Realizing this concept in much grander fashion, a supposedly “rustic” starter of crispy butternut squash ravioli knocked me off my feet this Thanksgiving. Indeed, the ingredients are as ordinary as they come, but the time, effort, and love that goes into each individual pasta pillow is not. Longtime friend and erstwhile food blogger Jenn pulled out all the stops this year, balancing tradition with innovation, lavishly accommodating all guests with more food than a small mob could possibly consume in a week. It was that first dish that struck me as the very best though, if I had to choose, for finally hitting that satisfying promise made so many years ago.
Butternut is mashed into creamy submission and bundled up in homemade sheets of delicate dough, extraordinary for their apparent austerity yet rich depth of flavor. Owing to the skill of the cook, only some inconceivably magical process could possibly explain it otherwise. That, and a whole lot of vegan butter. Infused with a handful of bright, aromatic holy basil, sage might be more expected here but any tender herbs are welcome to this party.
In the spirit of giving, Jenn had the patience to not only swaddle those tender morsels of homemade butternut delight in handmade pasta to feed a crowd, but to endure the added chore of writing out every single step in painstaking detail on my behalf. At this point, I must acknowledge that I’m a terribly demanding guest.
Plain pasta, it is not; it’s something to be much more thankful for.
Butternut Squash Ravioli
Here’s a quick “no measure” recipe for a rustic ravioli dish that will make any occasion seem super special. You don’t need any special equipment — just a rolling pin though I prefer to use my Kitchen Aid pasta roller attachment to save time.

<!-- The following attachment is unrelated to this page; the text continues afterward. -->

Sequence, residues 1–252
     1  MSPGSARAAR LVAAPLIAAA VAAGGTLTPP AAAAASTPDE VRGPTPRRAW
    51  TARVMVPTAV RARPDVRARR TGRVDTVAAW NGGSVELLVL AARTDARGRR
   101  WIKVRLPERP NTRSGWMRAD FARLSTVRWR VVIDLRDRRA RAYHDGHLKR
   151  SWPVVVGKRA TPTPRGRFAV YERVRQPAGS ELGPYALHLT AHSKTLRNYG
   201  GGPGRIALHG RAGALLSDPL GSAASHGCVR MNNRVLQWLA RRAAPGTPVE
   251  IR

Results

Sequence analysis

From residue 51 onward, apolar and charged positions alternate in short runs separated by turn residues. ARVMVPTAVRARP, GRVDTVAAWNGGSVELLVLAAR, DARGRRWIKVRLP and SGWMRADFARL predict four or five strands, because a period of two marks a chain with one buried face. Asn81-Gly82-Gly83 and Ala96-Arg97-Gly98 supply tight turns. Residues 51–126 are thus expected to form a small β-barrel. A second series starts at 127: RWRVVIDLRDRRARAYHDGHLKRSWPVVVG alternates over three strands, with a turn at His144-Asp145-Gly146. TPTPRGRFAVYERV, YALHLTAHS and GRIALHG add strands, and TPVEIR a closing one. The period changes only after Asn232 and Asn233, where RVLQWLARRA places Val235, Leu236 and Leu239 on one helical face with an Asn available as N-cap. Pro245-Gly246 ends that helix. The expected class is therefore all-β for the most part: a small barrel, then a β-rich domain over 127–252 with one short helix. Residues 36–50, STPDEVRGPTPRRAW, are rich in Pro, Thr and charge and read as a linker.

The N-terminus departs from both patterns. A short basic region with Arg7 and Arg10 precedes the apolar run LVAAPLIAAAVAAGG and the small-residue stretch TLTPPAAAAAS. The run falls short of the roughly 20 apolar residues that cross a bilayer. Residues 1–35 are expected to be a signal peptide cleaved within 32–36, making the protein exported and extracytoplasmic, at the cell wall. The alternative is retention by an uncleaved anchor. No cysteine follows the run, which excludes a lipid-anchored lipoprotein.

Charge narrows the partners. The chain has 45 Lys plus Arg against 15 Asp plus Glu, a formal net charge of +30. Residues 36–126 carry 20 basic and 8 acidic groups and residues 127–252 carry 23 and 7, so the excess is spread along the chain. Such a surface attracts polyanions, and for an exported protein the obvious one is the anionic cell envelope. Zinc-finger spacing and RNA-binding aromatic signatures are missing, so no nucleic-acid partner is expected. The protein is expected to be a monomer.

1-2 cups of fine semolina flour
2 Tb extra virgin olive oil
1 tsp salt
water, as needed
1 butternut or kabocha squash, roasted and seeded
chopped fresh herbs (your choice), quantity as needed
pinch of salt
pinch of nutmeg
DIRECTIONS – FILLING:
To make the ravioli filling, Just mash the roasted butternut (or kabocha or pumpkin) and blend with the finely chopped herbs and spices. You don’t want this to be too fine a puree, you want to be able to drop it by the spoonful onto the pasta.
DIRECTIONS – PASTA:
1. Make the pasta – mix the dry ingredients and start adding the olive oil and mix well. Add cold or ice water in a thin stream, in small amounts, until the semolina starts getting a sandy texture. Check it periodically to see if you can clump it by smashing some inside the palm of your hand with your fist. If it is too tacky and wet — add more semolina (easy, right?). I prefer to use my stand mixer but you can do this by hand.
2. Use a flexible spatula to scrape out of the bowl onto a work surface. Work it with your hands to press, squeeze and smush it together into a ball that starts to really stick together. You want to develop the gluten. Get out the rolling pin and work it flat, fold it and repeat.
You can continue to work it with the rolling pin or you can get it thin enough (about 1/4″ for the widest setting on your pasta roller) to start putting through the pasta roller. I start out at “0” on my KA attachment and after a couple passes, narrow it a few more times until I get to 4 or 5.
Get the pasta sheets as thin as you can without them being transparent, developing holes or tears when you try to stretch a bit (since you’ll be doing that to make the ravioli) but not so thick that you just have a super squishy dumpling.